“The NN Cannery History Project will present to the public an introspective, unique, and colorful depiction of cannery peoples’ lifeways and history—to do as John Steinbeck once wrote: “To open the page and let the stories crawl in by themselves.”

Katherine Ringsmuth | NN Cannery Project Director


The NN Cannery History Project is a collaboration between Alaska Association for Historic Preservation, Tundra Vision: Public History Consultants, and Trident Seafoods to collect, share, and preserve the stories of the diverse, and often invisible, cannery workers whose activities are reflected by and embedded in the industrial landscape contained within the 129-year- old NN Cannery at South Naknek, Alaska.

Whether they came from China, the Philippines, or simply upriver, cannery people found dignity through their laborious interactions and forged a deep connection to the surrounding environment. Their diverse traditions left a mark on Alaska history and culture. Their work mattered.

Our aim is to collect, preserve and promote the stories of cannery people; to include those stories in the development of educational programming, historic preservation projects and museum exhibits; and to ensure that the collected information will be made accessible to the public so that the lives of cannery people everywhere will be better understood and valued.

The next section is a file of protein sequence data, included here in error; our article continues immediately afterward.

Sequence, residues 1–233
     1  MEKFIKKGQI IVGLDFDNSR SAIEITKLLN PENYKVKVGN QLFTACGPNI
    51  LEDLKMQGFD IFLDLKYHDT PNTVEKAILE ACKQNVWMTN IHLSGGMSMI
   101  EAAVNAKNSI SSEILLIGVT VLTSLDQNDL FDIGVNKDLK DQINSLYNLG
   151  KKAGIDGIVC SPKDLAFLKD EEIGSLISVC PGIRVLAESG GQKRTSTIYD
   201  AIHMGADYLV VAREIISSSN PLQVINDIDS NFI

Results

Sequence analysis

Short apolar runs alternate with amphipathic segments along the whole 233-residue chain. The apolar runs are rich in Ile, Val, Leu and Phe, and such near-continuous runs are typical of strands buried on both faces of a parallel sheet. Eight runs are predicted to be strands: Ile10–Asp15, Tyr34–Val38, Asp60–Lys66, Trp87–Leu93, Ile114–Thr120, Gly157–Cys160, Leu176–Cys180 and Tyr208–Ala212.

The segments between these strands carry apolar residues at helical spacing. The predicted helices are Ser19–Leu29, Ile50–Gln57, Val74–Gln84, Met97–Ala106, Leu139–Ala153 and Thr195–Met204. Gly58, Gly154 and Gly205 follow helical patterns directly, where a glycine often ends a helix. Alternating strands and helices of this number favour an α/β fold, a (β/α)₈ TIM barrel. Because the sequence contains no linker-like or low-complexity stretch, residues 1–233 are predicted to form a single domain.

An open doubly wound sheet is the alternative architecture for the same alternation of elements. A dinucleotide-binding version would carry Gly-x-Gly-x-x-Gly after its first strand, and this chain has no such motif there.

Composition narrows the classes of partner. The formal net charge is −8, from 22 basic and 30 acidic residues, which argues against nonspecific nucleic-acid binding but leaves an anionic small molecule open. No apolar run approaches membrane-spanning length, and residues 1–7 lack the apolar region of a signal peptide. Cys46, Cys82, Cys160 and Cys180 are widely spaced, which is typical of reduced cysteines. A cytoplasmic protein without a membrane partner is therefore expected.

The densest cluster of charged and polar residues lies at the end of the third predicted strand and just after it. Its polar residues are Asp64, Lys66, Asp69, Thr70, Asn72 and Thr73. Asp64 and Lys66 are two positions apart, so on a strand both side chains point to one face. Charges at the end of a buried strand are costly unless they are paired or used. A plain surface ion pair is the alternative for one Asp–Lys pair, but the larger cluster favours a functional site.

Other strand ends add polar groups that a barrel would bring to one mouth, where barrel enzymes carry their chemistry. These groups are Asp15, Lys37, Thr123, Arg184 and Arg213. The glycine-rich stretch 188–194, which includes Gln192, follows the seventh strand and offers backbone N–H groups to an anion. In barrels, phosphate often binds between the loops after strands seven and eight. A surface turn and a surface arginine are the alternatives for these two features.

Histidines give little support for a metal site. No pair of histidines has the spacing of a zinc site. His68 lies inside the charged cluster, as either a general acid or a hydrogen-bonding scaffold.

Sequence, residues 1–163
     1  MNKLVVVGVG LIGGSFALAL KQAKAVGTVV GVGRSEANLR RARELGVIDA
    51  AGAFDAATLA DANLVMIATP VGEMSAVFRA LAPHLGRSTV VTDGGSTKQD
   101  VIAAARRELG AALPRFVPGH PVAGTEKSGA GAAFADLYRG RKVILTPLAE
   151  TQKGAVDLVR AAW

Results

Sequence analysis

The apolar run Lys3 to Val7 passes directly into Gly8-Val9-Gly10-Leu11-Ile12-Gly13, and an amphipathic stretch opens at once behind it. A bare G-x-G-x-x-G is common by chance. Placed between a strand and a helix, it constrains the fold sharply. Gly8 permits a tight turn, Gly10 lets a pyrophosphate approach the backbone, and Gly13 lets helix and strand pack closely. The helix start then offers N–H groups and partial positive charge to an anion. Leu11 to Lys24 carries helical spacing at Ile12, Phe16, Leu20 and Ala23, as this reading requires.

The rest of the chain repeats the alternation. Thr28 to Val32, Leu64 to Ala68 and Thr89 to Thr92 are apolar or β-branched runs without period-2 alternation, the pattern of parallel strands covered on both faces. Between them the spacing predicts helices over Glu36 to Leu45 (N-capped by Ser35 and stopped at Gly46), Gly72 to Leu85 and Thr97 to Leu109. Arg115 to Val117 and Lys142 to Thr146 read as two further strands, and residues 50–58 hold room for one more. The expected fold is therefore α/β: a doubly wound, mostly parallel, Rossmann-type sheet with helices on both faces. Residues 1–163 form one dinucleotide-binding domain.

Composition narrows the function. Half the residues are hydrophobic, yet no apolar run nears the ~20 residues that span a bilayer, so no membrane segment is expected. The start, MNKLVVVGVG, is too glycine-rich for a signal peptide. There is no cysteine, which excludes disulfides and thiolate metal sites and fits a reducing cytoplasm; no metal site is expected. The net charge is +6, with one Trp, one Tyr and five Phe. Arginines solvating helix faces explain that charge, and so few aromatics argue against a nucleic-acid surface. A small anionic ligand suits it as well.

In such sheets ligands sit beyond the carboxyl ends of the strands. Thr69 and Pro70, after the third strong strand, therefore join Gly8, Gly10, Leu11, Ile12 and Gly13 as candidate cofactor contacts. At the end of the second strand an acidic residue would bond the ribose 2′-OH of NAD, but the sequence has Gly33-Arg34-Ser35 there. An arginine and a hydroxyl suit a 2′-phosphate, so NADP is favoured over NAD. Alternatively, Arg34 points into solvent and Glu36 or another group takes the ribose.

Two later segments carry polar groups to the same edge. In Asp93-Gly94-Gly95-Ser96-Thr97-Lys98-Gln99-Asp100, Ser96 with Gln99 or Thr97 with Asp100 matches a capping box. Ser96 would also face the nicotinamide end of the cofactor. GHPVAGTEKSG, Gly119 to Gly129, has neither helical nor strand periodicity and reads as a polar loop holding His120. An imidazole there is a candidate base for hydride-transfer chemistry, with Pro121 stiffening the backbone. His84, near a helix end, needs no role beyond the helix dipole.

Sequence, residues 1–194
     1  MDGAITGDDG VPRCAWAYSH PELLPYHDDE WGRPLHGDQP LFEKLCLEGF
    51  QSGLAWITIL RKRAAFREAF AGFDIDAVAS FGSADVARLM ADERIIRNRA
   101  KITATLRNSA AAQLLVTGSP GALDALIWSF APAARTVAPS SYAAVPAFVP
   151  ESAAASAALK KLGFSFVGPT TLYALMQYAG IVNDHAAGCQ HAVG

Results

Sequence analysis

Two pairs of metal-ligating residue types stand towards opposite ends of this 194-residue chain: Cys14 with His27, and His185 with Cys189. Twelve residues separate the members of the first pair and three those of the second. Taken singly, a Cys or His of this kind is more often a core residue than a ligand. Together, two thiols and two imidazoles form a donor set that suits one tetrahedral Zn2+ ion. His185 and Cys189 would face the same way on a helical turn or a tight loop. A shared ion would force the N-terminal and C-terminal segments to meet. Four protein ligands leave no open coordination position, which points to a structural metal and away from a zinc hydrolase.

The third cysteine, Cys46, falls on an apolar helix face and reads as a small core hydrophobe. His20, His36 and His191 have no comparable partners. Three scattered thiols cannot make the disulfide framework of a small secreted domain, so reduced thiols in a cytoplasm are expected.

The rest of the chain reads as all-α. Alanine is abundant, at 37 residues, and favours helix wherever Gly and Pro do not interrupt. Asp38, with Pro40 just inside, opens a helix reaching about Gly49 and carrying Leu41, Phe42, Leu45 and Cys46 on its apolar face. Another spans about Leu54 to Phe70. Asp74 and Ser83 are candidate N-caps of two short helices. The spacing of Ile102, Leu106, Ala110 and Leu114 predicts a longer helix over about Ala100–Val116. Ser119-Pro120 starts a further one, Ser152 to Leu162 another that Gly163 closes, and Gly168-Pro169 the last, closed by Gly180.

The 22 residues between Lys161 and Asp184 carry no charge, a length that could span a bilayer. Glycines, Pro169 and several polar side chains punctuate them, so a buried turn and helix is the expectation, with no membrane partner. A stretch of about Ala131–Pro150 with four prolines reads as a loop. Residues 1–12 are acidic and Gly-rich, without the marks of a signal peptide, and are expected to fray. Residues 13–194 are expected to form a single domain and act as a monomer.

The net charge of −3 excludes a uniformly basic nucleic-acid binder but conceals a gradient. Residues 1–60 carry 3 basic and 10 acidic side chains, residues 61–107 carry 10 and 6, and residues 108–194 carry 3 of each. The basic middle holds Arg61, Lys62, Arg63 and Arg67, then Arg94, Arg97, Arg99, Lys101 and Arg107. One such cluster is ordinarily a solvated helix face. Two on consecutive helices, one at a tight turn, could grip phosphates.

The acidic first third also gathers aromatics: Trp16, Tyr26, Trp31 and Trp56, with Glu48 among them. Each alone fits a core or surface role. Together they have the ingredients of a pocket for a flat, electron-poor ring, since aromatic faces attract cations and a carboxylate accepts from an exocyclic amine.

Uncovering the Stories of Alaska’s Invisible Cannery People


Despite their skill and labor, cannery workers existed in the shadows, only to be marginalized, exotified or ignored by writers, curators, even park rangers in the popular narratives of Alaska’s most important salmon fishery. Collectively, they constitute Alaska’s “invisible cannery people,” a population that is multi-ethnic and multi-cultural but poorly understood. The <NN> Cannery History Project aspires to explain how cannery workers were discriminated against, segregated, and oppressed while simultaneously looking at how these workers and their ability to can salmon shaped our nation’s history. Through the interpretation of the cannery’s built history, the nomination will move these processors from the margins. 

With the help of our partners and assistance from people like you, the <NN> Cannery History Project will provide cannery communities a platform to share their stories, thus bringing historical meaning to their work. Dialogues framed by history and culture will help reconcile the confused identities canneries left in their wake. By exploring these topics through community conversations, public education programming, and National Register documentation, we hope to obtain empathy, understanding and respect for the underrepresented cannery community and their work and to help the current community preserve the architectural, cultural and technological knowledge representative of cannery lifeways, even if the cannery itself eventually disappears.

From the Chinese butchers, the Native Laundry lady, the Filipino cook, to the Native villagers inflicted with the flu—these forgotten voices will remind the public that no one group or individual associated with the <NN> Cannery experienced life there in the same way. And that is an important lesson—not only for how we explain the past, but how we relate to and perceive each other today.